The Complete Cast Can Help You Become a More Complete Angler

It’s late June and getting warmer by the day, so the fishing in the North Carolina mountains has slowed to a trickle. Recent rains have filled the lakes to the brim, so our tailwater rivers are running full bore; and the mountain streams, while bulging, are a bit too warm for trout.

I frequently use this type of downtime to work on a particular angling skill, usually either fly tying or casting. I recently chose the latter.

It didn’t take me long to find quality instruction. TFO offers The Complete Cast, a three-and-a-half hour DVD that covers all aspects of fly casting. TFO advisors Lefty Kreh and Ed Jaworowski are the instructors.

TFO, unfortunately, because of Lefty’s passing, has sold out of the DVD; however the digital version is available on Vimeo, which was perfect for me since I didn’t want to wait to order by mail. I grabbed a credit card and $39.95 later, I was immersed in one of my happy places, fly-casting geekdom.

I love fly casting. I can cast in the yard for hours and not get bored. Sometimes, Waylon, my young English Cocker Spaniel, will watch from the hill above our house. He’s as loyal as any dog I’ve owned, but even he can only take about 45 minutes of back casts, reach casts and curve casts before fleeing for the front door.

During my nearly 30 years of fly fishing, I’ve taken casting lessons from some of the best in the business: Joe Bressler at the Western Rivers (Orvis) Guide School; Bob Cramer of Mossy Creek (Va.) Fly Shop; Enver Hysni of Tampa Bay on the Fly; Mac Brown of Bryson City, N.C.; Henry Williamson of Brookings Anglers in Cashiers, N.C.; Billy Kingsley of the Blue Ridge Angler in Harrisonburg, Va.; and Dayle Mazzarella of Tampa’s Plant High School among others.

If there’s a fly-casting video in existence, I’ve probably seen it. Years ago, I used to watch Lefty, Mel Krieger, Billy Pate, Joan Wulff and Jack Dennis. When YouTube was born, I turned to Bill Higashi, Steve Rajeff and Davin Ebanks aka Mr. Windknot.

Suffice it to say, I’ve seen just about every shred of info there is when it comes to fly casting. Still, it was not enough.

I can now add The Complete Cast to my vast fly-casting/fly-fishing library.

Here are my thoughts. Keep in mind this DVD is nearly four hours long, so there is no earthly way to summarize the content in a single blog post. That said, here goes:

  • The Complete Cast is comprehensive. It covers freshwater and saltwater casting with in-depth instruction from two voices. Don’t expect to grab a beer after work and knock it out before dinner. Cherry picking the best parts or the parts you think apply directly to you probably won’t work, either, because you need to see the entire DVD to comprehend an overview of the concepts. It’s best to see the forest first, then the trees. My advice: Watch it in sections of an hour or so.
  • Lefty is a fine caster, a great fisherman and a phenomenal teacher. There are a handful of folks who have a good grasp of fly casting, but Lefty separates himself from the pack with his communication skills and analogies. Both Jaworowski and Lefty are big on sports references. Lefty often uses baseball comparisons. Jaworowski uses golf to get his point across. Both are spot on.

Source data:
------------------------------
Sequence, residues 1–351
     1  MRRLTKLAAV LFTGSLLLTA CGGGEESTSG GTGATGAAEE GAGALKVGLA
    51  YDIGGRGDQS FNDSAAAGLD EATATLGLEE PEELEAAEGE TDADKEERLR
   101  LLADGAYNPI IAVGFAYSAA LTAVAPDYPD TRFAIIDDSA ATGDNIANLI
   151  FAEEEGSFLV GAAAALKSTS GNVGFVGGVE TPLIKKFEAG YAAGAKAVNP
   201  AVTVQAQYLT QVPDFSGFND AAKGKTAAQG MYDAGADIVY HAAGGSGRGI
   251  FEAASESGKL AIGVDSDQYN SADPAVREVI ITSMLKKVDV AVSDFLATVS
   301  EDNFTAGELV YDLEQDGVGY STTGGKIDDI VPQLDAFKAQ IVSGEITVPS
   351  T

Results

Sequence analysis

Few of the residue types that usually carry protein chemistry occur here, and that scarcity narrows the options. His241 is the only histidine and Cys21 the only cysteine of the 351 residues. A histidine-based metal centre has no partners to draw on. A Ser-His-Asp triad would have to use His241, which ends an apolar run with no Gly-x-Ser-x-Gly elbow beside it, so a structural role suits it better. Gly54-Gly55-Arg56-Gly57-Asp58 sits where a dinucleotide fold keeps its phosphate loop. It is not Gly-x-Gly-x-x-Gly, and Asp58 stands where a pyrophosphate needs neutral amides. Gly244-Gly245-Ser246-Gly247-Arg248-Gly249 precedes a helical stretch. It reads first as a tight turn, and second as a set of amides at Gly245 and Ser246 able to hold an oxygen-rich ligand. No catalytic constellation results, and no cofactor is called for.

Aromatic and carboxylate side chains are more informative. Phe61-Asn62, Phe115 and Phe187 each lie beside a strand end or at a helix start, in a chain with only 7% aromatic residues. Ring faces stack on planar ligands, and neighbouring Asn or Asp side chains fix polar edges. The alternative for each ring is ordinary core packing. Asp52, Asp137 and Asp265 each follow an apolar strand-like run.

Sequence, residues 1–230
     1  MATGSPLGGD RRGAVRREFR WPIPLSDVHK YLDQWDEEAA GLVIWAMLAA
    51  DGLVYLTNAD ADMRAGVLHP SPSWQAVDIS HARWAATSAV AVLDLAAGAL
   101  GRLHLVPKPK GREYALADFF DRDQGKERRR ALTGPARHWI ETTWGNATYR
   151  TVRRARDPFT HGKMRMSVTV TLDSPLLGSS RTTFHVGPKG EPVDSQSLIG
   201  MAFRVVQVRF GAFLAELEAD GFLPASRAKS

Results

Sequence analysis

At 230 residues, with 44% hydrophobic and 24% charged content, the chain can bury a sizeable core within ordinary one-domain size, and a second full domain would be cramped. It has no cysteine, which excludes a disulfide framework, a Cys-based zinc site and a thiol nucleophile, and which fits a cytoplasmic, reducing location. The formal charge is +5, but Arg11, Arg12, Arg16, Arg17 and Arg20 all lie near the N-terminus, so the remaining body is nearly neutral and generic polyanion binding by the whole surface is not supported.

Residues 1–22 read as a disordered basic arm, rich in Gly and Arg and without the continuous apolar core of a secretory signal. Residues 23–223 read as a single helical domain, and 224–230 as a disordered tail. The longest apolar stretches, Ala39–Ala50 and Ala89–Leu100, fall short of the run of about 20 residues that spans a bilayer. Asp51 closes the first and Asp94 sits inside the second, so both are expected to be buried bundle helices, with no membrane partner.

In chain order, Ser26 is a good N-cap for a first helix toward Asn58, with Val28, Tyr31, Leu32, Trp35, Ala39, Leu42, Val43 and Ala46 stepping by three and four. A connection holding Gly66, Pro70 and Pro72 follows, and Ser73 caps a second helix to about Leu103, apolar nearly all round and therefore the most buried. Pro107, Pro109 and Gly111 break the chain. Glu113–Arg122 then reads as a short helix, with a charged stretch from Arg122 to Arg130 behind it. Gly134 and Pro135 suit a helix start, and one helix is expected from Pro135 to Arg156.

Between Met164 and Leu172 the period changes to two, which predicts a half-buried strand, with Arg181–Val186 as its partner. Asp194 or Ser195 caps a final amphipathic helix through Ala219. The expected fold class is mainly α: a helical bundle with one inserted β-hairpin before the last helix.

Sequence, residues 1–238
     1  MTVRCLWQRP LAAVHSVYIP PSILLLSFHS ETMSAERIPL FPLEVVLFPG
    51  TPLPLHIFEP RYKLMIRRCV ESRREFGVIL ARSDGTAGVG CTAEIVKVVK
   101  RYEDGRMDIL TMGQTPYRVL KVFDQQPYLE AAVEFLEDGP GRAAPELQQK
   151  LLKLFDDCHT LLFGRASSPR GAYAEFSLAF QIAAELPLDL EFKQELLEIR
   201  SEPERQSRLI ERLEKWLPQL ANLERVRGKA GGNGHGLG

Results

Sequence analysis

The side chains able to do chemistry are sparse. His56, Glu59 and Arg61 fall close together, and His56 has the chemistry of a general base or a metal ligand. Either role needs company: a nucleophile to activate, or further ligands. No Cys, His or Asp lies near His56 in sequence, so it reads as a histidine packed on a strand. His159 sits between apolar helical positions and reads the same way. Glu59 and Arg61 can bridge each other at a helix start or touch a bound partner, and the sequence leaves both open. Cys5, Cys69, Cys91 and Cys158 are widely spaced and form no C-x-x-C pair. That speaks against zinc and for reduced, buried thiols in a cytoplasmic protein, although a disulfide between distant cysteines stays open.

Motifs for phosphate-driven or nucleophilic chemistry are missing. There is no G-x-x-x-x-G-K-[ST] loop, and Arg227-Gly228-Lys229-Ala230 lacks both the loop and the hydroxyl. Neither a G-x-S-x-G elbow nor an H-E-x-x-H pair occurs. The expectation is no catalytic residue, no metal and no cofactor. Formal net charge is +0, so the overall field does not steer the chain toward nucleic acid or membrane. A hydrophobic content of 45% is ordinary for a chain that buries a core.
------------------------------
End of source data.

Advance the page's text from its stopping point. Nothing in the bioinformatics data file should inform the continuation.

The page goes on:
• There are no absolutes. Obviously, the fundamentals of fly casting are pretty rock solid, but one of the themes in the DVD is that the angler’s objective and how the principles of fly casting are applied often hinge on the fishing situation. For instance, we all want distance, but how much is enough? That, of course, depends. If you’re in your yard trying to impress your spouse, 80 feet might work, but if you’re fishing for bones in the Florida Keys against a nasty headwind, 30 feet might just be the ticket.
  • It pays to have a firm grasp of the obvious. I, for one, could never really master a good steeple cast or a roll cast. With the steeple cast, you have to point your rod and hand toward the sky as if you’re casting the fly (with a forward cast) toward the heavens. I did the reverse (using a back cast) for years. On the roll cast, I usually pulled the rod downward instead of forward. Actually, I give myself partial credit for figuring the roll cast out before watching the DVD. The info merely confirmed my flaws.
  • Practice makes perfect. Featured are drills for loop control and accuracy. Casting through a hula hoop develops loop control; casting toward a hula hoop on the ground, by contrast, helps with accuracy. To up the ante, Lefty is shown casting toward a mousetrap.


The Complete Cast is a good DVD with a ton of quality information. It doesn’t matter if you fish for brook trout or bonefish, there’s something for every fly fisherman, from the beginner to the expert. To purchase digitally, go to Vimeo’s website:

And, as always, let us know what you think with a comment on one of our social media pages.


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